In recent years the 70:20:10 approach to workplace learning has become increasingly popular. But is it about more than just blending on and off the job training?
Common descriptions say that it is 70% on the job, 20% coaching and 10% from courses, but is that really the case? And is it a universal tool?
History of the model
The 70:20;10 model is usually credited with developing or popularizing this approach were Morgan McCall and his colleagues working at the Center for Creative Leadership (CCL). Two of McCall’s colleagues, Michael M. Lombardo and Robert W. Eichinger, published data from one CCL study in their 1996 book The Career Architect Development Planner.
It blends on-the-job, coaching and on-the-job experiences together.
- About 70% of learning is by using challenging assignments and on-the-job experiences.
- About 20% of learning is developed through relationships, networks, and feedback.
- About 10% of the learning is delivered via formal training processes.
McCall, Lombardo and Eichinger’s survey of high-performing managers revealed that:
“Lessons learned by successful and effective managers are roughly:
- 70% from tough jobs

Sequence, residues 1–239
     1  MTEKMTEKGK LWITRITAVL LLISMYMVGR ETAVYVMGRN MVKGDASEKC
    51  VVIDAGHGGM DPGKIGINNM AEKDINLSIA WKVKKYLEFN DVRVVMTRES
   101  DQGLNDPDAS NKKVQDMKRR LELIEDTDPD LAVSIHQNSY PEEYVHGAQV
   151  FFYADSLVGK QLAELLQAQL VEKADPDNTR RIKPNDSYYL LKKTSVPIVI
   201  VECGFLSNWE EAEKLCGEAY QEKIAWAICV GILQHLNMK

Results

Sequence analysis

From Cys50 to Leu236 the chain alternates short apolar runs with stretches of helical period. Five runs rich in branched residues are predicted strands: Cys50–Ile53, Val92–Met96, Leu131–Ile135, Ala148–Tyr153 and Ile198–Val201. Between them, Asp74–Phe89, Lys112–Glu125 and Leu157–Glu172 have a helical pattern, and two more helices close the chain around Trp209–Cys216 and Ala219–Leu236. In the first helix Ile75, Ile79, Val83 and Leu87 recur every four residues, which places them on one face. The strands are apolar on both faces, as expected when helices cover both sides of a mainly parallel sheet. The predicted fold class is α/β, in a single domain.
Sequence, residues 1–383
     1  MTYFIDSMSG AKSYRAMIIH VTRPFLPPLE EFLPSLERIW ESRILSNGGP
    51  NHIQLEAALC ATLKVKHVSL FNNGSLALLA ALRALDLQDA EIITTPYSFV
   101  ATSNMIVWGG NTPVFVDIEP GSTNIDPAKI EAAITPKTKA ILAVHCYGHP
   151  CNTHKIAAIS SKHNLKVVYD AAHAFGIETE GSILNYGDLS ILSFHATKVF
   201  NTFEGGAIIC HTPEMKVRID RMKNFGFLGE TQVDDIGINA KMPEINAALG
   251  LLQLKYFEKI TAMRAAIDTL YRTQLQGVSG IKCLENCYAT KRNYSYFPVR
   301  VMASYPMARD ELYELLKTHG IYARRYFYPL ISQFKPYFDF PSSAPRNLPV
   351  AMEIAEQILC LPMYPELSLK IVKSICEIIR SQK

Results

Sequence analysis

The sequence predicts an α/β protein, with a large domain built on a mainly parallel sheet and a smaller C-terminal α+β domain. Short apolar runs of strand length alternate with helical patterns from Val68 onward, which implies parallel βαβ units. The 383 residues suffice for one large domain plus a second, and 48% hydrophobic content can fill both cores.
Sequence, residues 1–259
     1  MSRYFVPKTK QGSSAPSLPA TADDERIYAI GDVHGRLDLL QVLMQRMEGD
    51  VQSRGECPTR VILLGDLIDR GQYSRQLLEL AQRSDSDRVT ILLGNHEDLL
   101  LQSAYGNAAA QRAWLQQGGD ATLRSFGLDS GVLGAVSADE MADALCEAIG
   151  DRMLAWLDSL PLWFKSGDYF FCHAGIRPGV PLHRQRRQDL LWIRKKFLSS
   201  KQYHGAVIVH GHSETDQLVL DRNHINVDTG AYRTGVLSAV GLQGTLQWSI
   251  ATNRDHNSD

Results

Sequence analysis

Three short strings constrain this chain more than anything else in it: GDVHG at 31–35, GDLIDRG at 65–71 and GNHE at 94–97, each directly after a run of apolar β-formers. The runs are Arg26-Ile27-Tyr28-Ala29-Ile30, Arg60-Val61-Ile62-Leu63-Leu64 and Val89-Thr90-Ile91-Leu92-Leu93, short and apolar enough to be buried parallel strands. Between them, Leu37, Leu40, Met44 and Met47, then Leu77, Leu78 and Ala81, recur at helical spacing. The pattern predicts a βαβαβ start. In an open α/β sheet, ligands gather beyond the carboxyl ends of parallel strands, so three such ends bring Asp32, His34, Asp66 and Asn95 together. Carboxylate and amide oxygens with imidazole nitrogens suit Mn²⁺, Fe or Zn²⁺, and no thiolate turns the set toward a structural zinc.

- 20% from people (mostly the boss)
- 10% from courses and reading”
We can see that the 70% is not just about on-the-job training that many purport, but from tough or challenging jobs and projects. In addition the 10% is not just from courses, but knowledge from a range of sources, books, e-learning etc.
Turning a model into a strategy
The implementation of this into a more generalised learning & development strategic approach is based on the work of Charles Jennings in 2002 when working for Reuters –
Since this time, many organizations looking for a justification to reduce the costs of training, and increase the importance of “manager as a coach”. This simplistic approach seemed like the ideal approach, most training (70%) is “doing the day job”, 20% is managers coaching peoples development, and just 10% of training on courses.
At one level this is a useful framework for organizations to follow, but if an organization is doing this to achieve the results of the original study into highly effective managers and leaders, then they are missing some of the key points that made the strategy successful
Applying the 70:20:10
Where this is done “in reverse”, we can apply this as good practice…
For example, identify a need, undertake some coaching by the line manager. Then attend a formal course or workshop (10%), followed by a blend of coaching and on-the-job experience to both apply learning on-the-job, and with coaching to help transfer the new skills
So if you are looking at using a course or other formal learning strategy, complement it with support and development back in the job